No. It may once have been true, but no longer. Mockery of the European Parliament has frequently been over-done but was, until the mid-1980s, partly deserved. From overseas junkets to barmy recommendations, the assembly seemed determined to confirm, and even out-do, the tabloid caricatures.
Much has changed since then but public impressions lag behind. Opinion polls held in the UK in the run-up to the elections on 9-12 June suggest that few people know who, or what, they are supposed to be voting for. If they do turn out, the motivation will be domestic, not European politics.
In British terms, the election is a vital test: it may determine the Prime Minister's future. But there is much else at stake. The Parliament is slowly transforming itself into an effective, and increasingly powerful, democratic voice at the centre of the otherwise undemocratic and often baffling European political machinery.
Whatever the political or philosophical debate, Britain is now totally enmeshed in Europe. The abolition of trade barriers has increased the volume of legislation that is binding on all 12 member countries. Environmental and consumer protection, trade, energy transmission, telecommunications, transport networks, cannot be contained by national frontiers. The free movement of people and the continued pressure of immigration mean that health and crime are no longer purely domestic problems. European countries, irrespective of their membership of the European Monetary System, are economically intertwined.
Increasingly, the laws and policies which directly shape British and other European lives are being fashioned by institutions outside the direct control of national parliaments. This development can only partly be attributed to the alleged federal machinations of the European Commission in Brussels. Although Mr Delors' Commission has the power to initiate legislation, it can do nothing without the approval of the Council of Ministers (effectively the 12 member-governments). The European Parliament - which must be consulted and now has the power to introduce amendments - is the only democratic bulwark against these two forces.
As a supra-national body elected on the basis of 12 different systems with MEPs representing 12 different political cultures, it is not cohesive and certainly does not function as the government of Europe. Its powers are strictly limited, its organisation sometimes chaotic. But, at its best, it works as a sort of cross-party, trans-national coalition, injecting common-sense and a little of the popular will into the often fantastic compromises achieved in the smoke-filled early hours in Brussels.
Party discipline means less here than in national parliaments; Socialists and Christian Democrats often find their similarities greater than their differences. 'I feel liberated here, I can vote the way I like or put forward points of view that might be heresy to London and there is no sense of political sanction for stepping away from the party line; we debate things on merit,' says Michael Hindley (Lab, Lancashire South).
Too easily derided as an expensive talking shop, it is the very talking that makes the Parliament useful. It would be wrong to underestimate its powers of scrutiny and oversight; indeed, the most important work, technical amendments to technical legislation that affects the quality of life of all EU citizens, is mostly done in committee.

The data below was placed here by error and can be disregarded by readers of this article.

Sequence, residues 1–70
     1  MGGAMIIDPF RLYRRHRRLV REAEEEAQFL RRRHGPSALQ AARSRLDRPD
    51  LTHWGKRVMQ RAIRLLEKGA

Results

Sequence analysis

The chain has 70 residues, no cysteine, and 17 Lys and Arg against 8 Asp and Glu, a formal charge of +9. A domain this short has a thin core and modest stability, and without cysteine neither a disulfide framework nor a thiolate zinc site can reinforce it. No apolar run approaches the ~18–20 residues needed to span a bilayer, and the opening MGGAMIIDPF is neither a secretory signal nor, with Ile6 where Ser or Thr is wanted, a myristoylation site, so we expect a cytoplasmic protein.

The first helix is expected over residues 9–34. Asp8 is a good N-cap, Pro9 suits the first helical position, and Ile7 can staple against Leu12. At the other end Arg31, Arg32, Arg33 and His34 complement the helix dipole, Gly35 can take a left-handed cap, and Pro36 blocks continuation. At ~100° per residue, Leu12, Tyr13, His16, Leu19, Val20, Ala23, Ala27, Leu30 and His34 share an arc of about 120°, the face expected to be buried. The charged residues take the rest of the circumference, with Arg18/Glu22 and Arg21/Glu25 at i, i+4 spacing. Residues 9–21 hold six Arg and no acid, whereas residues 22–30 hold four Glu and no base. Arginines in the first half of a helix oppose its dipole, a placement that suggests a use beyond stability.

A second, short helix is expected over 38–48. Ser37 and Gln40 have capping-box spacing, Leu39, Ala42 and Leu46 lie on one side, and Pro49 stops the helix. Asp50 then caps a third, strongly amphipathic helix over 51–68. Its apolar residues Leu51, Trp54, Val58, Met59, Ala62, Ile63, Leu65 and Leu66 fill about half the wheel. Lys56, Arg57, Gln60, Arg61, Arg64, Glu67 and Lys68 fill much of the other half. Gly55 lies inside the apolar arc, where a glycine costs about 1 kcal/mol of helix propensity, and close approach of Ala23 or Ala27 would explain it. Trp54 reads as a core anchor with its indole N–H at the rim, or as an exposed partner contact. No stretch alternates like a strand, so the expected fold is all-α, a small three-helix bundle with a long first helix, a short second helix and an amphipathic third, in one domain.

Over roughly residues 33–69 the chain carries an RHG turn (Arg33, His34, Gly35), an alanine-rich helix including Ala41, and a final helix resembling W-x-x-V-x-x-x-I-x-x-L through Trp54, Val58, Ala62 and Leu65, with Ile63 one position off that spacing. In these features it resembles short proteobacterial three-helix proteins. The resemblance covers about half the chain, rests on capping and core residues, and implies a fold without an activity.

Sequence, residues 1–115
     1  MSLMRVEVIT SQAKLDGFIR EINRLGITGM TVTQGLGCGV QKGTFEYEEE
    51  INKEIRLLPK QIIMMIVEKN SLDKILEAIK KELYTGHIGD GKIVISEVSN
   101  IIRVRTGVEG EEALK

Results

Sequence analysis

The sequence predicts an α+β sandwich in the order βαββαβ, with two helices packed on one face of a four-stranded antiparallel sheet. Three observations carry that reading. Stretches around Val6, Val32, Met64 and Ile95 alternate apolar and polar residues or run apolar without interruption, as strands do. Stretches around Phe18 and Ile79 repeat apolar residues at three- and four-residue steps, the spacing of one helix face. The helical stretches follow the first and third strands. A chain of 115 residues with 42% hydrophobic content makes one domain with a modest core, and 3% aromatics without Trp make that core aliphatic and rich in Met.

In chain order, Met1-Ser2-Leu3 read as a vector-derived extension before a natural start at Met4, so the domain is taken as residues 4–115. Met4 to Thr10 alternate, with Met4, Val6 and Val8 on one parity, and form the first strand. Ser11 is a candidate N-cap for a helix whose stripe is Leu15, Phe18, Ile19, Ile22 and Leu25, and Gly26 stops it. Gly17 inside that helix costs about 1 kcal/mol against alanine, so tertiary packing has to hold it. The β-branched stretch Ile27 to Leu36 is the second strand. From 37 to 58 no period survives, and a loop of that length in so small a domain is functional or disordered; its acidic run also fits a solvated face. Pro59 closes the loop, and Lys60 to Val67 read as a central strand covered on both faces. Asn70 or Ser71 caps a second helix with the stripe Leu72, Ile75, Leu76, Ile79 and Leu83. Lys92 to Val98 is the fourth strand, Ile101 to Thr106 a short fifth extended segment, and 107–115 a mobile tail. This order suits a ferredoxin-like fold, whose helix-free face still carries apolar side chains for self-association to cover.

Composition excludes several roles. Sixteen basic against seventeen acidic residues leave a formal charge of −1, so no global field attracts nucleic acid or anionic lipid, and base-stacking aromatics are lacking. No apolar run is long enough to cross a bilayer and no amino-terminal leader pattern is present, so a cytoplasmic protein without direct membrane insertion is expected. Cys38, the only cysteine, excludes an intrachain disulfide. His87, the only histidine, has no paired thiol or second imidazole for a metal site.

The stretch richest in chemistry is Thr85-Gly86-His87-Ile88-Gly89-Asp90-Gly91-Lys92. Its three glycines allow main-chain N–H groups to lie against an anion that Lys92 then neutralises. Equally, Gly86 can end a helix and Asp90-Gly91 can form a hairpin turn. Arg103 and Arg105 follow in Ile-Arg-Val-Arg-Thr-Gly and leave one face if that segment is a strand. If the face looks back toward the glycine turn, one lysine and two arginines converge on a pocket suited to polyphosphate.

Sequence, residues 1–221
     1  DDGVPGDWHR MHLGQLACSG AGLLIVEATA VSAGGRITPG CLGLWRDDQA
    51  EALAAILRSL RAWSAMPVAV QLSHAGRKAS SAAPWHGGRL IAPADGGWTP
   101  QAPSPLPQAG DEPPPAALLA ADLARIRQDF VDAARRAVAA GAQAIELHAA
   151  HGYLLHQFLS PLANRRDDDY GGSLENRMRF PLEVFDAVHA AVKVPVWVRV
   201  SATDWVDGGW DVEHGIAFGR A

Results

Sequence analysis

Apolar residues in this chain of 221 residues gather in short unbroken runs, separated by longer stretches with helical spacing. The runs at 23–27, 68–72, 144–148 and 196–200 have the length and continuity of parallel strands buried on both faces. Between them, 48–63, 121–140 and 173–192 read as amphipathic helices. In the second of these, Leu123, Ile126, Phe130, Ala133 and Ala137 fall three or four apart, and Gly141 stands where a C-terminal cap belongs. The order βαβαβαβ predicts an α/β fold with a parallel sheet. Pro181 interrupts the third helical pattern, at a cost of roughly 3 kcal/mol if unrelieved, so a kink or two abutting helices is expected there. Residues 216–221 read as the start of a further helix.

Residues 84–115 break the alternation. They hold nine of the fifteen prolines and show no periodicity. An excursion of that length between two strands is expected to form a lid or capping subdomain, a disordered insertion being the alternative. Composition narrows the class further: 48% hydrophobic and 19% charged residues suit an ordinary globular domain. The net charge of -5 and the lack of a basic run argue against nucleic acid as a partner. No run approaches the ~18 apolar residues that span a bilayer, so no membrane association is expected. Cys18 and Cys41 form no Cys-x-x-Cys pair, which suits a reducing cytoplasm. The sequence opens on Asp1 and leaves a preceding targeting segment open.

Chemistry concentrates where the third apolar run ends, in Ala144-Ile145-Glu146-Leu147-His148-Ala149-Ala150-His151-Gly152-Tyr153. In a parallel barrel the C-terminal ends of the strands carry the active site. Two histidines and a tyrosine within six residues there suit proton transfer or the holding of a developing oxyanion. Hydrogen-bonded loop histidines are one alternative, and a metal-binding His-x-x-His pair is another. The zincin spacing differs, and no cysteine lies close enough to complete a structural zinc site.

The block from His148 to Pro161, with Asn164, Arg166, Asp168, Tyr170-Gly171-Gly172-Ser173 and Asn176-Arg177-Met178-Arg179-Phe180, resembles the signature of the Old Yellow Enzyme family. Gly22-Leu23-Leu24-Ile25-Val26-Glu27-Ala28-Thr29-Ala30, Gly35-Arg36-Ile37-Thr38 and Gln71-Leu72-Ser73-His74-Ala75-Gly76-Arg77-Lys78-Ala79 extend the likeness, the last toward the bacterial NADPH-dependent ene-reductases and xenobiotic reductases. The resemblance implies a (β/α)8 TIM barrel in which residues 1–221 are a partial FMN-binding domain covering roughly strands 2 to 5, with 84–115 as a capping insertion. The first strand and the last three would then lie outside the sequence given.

Take a simple example: parliament's efforts to restrict the emission of toxic exhaust fumes from small cars. The legislation had important implications for the auto- industry. The issue was pollution v profit.
The European Commission wanted to cut existing emission limits by half; EU governments were split. Some, including Britain, wanted somehat laxer, dirtier limits. The Parliament insisted on even higher standards than Brussels originally proposed. Under EU rules the Council could only overthrow Strasbourg's version by unanimous decision. Acceptance only required a qualified majority. The result: the Parliament's cleaner limit was adopted and is now part and parcel of national law.
It may not make national headlines; it has none of the drama of debates on Bosnia or whether there should be trade sanctions to punish China's continued abuse of human rights. But with childhood asthma and respiratory disease on the increase (and car pollution widely blamed) it was a small step towards cleaner air - a step that had to be taken at European level if it was to be effective.
Under the Maastricht treaty, the European Parliament's powers of oversight are increased. New procedures give MEPs the opportunity to demand second readings of proposed bills - a stalling tactic that enhances the possibilities to amend legislation. It will in this way be able to query policy in fields such as health, education, consumer protection, freedom of movement, services, the mutual recognition of qualifications, and the environment.
Strasbourg's powers of approval in the appointment of the European Commission (and of the Ombudsman, who will be the public watchdog against Commission abuses) are also strengthened. Parliament will also have the right to set up temporary committees of inquiry.
In some respects the parliament is more representative than national assemblies; there are, for example, 101 woman MEPs. At a fifth of the total, it is still not nearly enough, but a better percentage than Westminster. The French Socialists have this year pledged to name alternate men/women on their list, which means that the European Parliament post-1994 should welcome such names as Elizabeth Guigou - a former European Affairs Minister. At the end of the day, the Parliament is only as powerful as its electors. Its potential for greater influence is a function of its perceived public support. Whatever your opinion of Europe - or John Major - vote, vote, vote on 9 June.Reuse content